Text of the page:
In the transmodern context, transhumanism appears as a new paradigm, with a centripetal tendency, which proposes the reinventing of man by overcoming the current biological limitations with the help of new technologies, so called human amelioration. In our work, we want to discuss in a speculative manner the possibility of the existence of the posthuman individual in the biological and moral (self) transcendence of the self. We will discuss a series of technologies capable of irreversibly modifying the human condition by placing humanity first in a transhuman or posthuman condition: technologies of virtualization of the social space that allow the transcendence of the spatial limitation of the human condition as a localized being within the finite limits, by opening up to communication and beingness in a non-topological space, the possibility of downloading the consciousness into electronic storage media, which would allow it to be in a non-biological space, that is, independent of its own corporeality and the supposed technologies of indefinite extension of life, which removes the human being from the the physical horizon of temporality and finitude. In defining the boundaries of the human condition, we have appealed to the work of the philosopher Abhinavagupta (975-1025), who was one of the greatest philosophers, aestheticians and mystics of the Shia school of Kashmir. The revaluation of the Kashmiri philosophy in the postmodern context allows us to rethink the human being’s boundaries, whose overcoming allows for a transcendence of the human condition. The boundaries identified based on the work of the Kashmirian philosopher are: limitation in temporality, limitation in the capacity for knowledge, limitation in fullness (limitation in scope - spatiality), limitation in causality, limitation in creative power. The overcoming of these ontological boundaries leads, in our opinion, to the emergence of an anthropological singularity, a concept built after the technological singularity, and implicitly of physical singularity.
Il existe beaucoup d’idées fausses autour de la pensée transhumaniste, notamment dues à certaines simplifications hasardeuses. Et si nous tentions ici de revoir les bases.
After grilling Mark Zuckerberg for ten hours this past week, the big question facing Congress is, “What’s next?” The wide-ranging hearings covered everything from “fake news” to election integrity to the Cambridge Analytica scandal that spurred the hearings in the first place. Zuckerberg’s testimony did not give us much new information, but did underline what we already knew going in: Facebook’s surveillance-based, advertising-powered business model creates real problems for its users’ privacy rights.
But some of those problems can be fixed. As Congress considers what to do next, here are some of our suggestions.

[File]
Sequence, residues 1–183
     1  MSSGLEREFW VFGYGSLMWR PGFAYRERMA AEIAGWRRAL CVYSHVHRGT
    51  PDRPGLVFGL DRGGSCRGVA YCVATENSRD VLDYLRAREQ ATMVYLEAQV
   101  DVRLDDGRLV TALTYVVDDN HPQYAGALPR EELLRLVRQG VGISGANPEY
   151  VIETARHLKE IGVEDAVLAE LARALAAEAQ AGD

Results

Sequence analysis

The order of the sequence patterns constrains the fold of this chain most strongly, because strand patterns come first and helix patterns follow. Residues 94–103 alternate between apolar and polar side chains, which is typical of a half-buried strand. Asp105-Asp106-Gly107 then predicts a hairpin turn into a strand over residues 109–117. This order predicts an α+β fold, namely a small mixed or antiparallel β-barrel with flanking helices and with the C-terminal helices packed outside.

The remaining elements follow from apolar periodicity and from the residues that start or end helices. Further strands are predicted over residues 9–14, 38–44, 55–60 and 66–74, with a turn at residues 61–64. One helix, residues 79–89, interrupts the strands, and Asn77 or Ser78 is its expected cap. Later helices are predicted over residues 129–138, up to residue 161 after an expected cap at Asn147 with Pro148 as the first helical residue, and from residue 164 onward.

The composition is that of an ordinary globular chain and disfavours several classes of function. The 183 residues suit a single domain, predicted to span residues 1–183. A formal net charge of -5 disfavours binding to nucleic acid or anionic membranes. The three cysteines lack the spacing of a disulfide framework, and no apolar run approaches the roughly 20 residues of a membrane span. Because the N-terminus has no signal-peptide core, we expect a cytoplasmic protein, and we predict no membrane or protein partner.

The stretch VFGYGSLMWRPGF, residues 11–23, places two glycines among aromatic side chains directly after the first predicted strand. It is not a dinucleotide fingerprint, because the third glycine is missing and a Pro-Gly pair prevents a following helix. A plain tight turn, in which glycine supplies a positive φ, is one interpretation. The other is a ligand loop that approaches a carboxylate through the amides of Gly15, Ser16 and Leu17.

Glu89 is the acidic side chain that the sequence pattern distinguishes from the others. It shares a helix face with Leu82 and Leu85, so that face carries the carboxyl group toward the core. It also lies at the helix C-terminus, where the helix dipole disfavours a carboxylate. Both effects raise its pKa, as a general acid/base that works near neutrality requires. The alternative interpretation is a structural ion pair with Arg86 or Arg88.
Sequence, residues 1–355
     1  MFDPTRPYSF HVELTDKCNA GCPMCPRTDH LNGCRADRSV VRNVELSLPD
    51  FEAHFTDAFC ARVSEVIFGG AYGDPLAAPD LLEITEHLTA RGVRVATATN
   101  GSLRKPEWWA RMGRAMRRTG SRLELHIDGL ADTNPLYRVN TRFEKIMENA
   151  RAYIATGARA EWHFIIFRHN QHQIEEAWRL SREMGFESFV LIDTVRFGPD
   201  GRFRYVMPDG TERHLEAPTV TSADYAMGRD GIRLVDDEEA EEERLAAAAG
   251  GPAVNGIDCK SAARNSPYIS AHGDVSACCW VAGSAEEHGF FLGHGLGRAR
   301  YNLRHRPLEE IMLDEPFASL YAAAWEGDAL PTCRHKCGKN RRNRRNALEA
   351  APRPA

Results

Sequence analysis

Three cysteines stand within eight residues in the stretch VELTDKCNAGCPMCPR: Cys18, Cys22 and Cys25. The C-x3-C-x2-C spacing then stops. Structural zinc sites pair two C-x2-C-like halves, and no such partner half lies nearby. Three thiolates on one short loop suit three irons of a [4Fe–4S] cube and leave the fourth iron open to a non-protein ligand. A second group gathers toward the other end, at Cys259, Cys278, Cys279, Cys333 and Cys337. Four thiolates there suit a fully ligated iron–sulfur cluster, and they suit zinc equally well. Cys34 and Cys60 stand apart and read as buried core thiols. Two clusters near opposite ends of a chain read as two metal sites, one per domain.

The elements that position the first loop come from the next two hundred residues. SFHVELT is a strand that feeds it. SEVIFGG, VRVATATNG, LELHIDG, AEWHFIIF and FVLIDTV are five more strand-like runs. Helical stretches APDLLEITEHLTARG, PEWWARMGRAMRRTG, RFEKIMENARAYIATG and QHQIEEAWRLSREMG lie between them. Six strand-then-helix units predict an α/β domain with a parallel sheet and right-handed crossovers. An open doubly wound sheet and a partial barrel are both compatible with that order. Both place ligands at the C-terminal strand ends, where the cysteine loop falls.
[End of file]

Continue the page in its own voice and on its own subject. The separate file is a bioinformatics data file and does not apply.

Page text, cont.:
DO Ask For Independent Audits
Facebook mentioned cooperating with FTC audits, but we’re not clear on whether or not Facebook is allowing independent auditors to inspect the data. If we allow Facebook to control the outside world’s visibility into its data collection practices, we can never be exactly sure if Facebook is actually complying with its own assertions. Facebook, along with other large tech companies that handle massive amounts of user data, should allow truly independent researchers to regularly audit their systems. Users should not have to take the company’s word on how their data is being collected, stored, and used.
DON’T Allow Big Tech To Tell Congress How To Regulate
Several times during his testimony, Mr. Zuckerberg called for privacy regulations both for ISPs and for platforms. While we agree privacy protections are important for both of these types of businesses, they shouldn’t be conflated. The rules we need for ISPs may be significantly different from those needed for platforms. In any event, Congress shouldn’t allow the tech giants to write their own rules given their strong incentives to favor the needs of shareholders over those of the public.
For example, it will be interesting to see how Facebook implements the EU’s General Data Privacy Protections (GDPR) for their non-European users. But if Congress tries to implement something similar here, we should all be watching to make sure Big Tech doesn’t gut the most important provisions.
DO Watch Out For Unintended Effects On Speech
Several Senators and Representatives asked questions about how Facebook decided to remove content from their platform, accusing Facebook of bias and political censorship. Facebook has also been in the news recently for removing accounts and pages linked to Russian bots attempting to undermine American political discourse.
Creating a more transparent and neutral platform may sound like a worthy goal, but if Congress is going to write legislation, it should ensure that transparency and user control provisions don’t accidentally undermine online speech. For example, any disclosure laws must take care to protect user anonymity.